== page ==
Milestones: March 2021
Save The Date
Thursday, April 8th 7:00pm
The Bala Cynwyd Library will host A Brief History of Racial and Ethnic Inequality in Lower Merion, presented by Jerry Francis, President of The Lower Merion Historical Society. Accompanying the talk will be a slide presentation followed by a question & answer session.
“Social justice can be a difficult topic to talk about and now is the time that we begin this conservation. I decided to start by exploring Lower Merion’s legacy, a Quaker suburb of Philadelphia populated with a patch work of many ethnic people. Only by knowing the past can we understand the present and mold the future, and thus make the most of our own brief histories.”
“Our story will concern itself with the Lower Merion/Narberth area. The sources for this presentation came from the extensive Archive Collection at The Lower Merion Historical Society.”
Looking For Volunteers
The Historical Society has been providing service to the Lower Merion and Narberth community for more than 73 years. We rely on volunteers to staff our special library and to research our wonderful heritage.
Due to the coronavirus, the Academy building has been closed to the public. But things are looking up and soon we hope to be allowed to re-open to the public. When we do, we will need volunteers to help us staff our library on the second floor of the Lower Merion Academy building. When we re-open our library hours will be Wednesday evenings 7:00pm to 9:00pm and Saturday afternoons 2:00pm to 4:00pm. You can volunteer for whenever you are available. We are looking for individuals who have an appreciation for history and who will be able to greet our patrons. We are a friendly staff and the Academy is a great building to visit or work in.
Interested? Please email us at LMHistory@comcast.net.
Antiquarian, Cartographer, Otolaryngologist
Dr. Douglas Macfarlan was the Society’s second president from 1954 to 1960, yet we could not find a single good photo of our co-founder. So we tracked down one of his granddaughters in Maine, who generously shared some photos of him and his papers.
She also offered us a plaster bust of her grandfather. “Thank you”, we replied, “but we already have one!” (The unfortunate damage to the nose happens eventually to all great historical figures, from the Great Sphinx onward.)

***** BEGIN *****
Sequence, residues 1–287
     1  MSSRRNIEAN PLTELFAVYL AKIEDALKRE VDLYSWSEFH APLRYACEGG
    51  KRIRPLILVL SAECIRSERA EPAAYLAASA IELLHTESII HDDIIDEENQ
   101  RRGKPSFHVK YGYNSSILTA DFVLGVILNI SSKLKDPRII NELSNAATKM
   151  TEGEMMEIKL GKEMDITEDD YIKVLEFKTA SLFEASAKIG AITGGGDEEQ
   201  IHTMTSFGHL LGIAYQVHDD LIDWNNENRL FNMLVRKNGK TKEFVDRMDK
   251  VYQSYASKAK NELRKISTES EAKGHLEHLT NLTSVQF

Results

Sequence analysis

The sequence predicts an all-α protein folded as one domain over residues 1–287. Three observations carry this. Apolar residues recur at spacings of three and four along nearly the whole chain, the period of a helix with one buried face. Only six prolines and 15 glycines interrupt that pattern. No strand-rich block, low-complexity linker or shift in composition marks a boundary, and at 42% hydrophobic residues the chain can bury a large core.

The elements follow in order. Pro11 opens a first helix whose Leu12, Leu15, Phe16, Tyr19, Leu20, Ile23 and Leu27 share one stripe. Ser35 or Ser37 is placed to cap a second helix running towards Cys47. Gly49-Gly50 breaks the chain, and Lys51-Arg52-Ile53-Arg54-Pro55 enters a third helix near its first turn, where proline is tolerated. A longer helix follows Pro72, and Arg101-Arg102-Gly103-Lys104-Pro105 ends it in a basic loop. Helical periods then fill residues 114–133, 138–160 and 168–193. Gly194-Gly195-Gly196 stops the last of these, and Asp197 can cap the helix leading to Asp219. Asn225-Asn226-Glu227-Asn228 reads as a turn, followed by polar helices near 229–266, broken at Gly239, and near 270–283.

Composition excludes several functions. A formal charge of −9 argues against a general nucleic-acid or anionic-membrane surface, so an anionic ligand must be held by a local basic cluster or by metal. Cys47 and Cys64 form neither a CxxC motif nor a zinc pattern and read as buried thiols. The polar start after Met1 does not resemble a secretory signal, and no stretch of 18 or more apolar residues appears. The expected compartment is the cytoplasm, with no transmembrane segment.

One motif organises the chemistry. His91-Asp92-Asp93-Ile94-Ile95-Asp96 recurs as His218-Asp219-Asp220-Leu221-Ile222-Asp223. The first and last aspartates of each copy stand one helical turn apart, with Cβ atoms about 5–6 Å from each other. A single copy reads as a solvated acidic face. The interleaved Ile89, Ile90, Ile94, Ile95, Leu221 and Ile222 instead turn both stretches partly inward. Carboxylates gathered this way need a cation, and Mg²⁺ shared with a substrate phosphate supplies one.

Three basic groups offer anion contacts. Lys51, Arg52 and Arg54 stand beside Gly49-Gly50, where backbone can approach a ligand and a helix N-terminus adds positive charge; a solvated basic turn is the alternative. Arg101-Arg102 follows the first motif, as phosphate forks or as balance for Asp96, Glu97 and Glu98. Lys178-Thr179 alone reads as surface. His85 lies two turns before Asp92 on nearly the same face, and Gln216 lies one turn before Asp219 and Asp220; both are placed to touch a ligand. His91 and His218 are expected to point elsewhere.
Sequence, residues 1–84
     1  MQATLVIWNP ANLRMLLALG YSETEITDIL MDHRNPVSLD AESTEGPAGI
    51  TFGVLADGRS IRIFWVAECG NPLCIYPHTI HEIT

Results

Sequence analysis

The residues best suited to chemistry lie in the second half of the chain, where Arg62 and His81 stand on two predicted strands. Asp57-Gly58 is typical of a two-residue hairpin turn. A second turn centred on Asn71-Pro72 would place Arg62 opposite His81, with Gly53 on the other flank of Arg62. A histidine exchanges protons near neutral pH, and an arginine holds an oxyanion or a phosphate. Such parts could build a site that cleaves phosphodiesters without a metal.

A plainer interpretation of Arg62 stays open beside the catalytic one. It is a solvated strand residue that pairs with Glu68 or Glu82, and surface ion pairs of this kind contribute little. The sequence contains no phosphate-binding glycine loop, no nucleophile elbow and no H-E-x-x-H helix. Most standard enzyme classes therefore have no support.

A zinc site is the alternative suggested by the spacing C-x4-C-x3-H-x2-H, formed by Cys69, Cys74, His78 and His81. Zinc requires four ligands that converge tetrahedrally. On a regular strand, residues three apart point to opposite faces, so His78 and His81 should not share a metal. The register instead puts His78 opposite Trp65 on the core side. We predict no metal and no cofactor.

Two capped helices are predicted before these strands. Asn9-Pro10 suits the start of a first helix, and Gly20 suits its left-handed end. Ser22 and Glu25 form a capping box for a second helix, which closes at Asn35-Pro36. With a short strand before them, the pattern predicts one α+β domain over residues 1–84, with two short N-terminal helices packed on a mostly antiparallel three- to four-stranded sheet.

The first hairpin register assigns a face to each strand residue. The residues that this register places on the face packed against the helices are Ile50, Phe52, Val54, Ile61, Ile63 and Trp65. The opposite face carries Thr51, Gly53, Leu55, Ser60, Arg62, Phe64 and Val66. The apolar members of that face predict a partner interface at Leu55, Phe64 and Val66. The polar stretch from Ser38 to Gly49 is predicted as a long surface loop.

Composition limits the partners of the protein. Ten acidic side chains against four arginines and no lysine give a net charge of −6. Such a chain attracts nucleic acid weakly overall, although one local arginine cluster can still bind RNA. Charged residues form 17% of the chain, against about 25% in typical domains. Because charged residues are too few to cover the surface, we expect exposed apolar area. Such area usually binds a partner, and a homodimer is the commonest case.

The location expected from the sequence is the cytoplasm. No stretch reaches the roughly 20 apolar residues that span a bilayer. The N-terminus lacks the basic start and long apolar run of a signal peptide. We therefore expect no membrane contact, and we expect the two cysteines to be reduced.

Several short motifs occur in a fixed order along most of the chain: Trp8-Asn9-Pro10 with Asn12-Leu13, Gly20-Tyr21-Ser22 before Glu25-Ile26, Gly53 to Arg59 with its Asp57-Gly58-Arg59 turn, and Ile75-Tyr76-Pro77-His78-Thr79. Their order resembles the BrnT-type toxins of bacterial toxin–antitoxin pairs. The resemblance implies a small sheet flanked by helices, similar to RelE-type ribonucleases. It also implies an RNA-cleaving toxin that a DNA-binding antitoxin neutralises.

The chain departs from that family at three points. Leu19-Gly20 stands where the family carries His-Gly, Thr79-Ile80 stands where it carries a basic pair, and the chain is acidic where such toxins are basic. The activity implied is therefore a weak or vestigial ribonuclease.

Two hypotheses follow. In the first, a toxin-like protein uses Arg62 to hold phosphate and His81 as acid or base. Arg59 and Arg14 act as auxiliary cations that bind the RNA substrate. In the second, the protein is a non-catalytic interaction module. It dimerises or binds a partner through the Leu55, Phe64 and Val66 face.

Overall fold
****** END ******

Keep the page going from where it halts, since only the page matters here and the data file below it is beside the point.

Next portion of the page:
Dr. Macfarlan was not only a local historian and influential doctor in the treatment of deafness. He was also an accomplished artist and mapmaker, which we showcase on a new web page devoted to Macfarlan’s cartographic art.
Elm Station Building Sites For Sale!
The Society has acquired an 1889 map that had hung in a Narberth family home for generations. It advertises lots for sale on the Edward R. Price estate in 1889, two years after the death of future Narberth’s founder, the last in his family of original Welsh Tract settlers.
It reveals a lot of interesting details about the fledgling village at Elm Station, as the area was then known. Here is one of the first map appearances of the name “Narberth”; the town’s alphabetical streets include the never constructed “A” street, which disappeared from maps forever within 2 years; and topographical contour lines clearly show the grade of Lower Merion’s first railroad, the Philadelphia and Columbia, by then defunct for 50 years.
Examine this fascinating map in detail on our updated Antique Maps page.
Lost And Now Found
And now for some fun stuff…on occasion we do get some truly interesting and unexpected donations to the Society. The story goes…the other day a gentleman visited the Academy and donated these two objects to the Society…see the images below showing the top and the bottom. He found them in July of 1973 partially submerged in Mill Creek at what is today West Mill Creek Park in Gladwyne…just downstream from the 1690 House. They are made of stone and chiseled into a bowl shape and because of the imperfections on the bottom, were they used over an open fire?
So we asked some of our local experts. It is their opinion that they may be “paint pots” for grinding geological materials and clay into colors that the Lenape used to paint their bodies. They could possibly date back to the Archaic Period c. 8000 BCE to c. 1000 BCE.
If you are able to aid us in the identification of these objects, please contact us at LMHistory@comcast.net.
Delivered March 16, 2021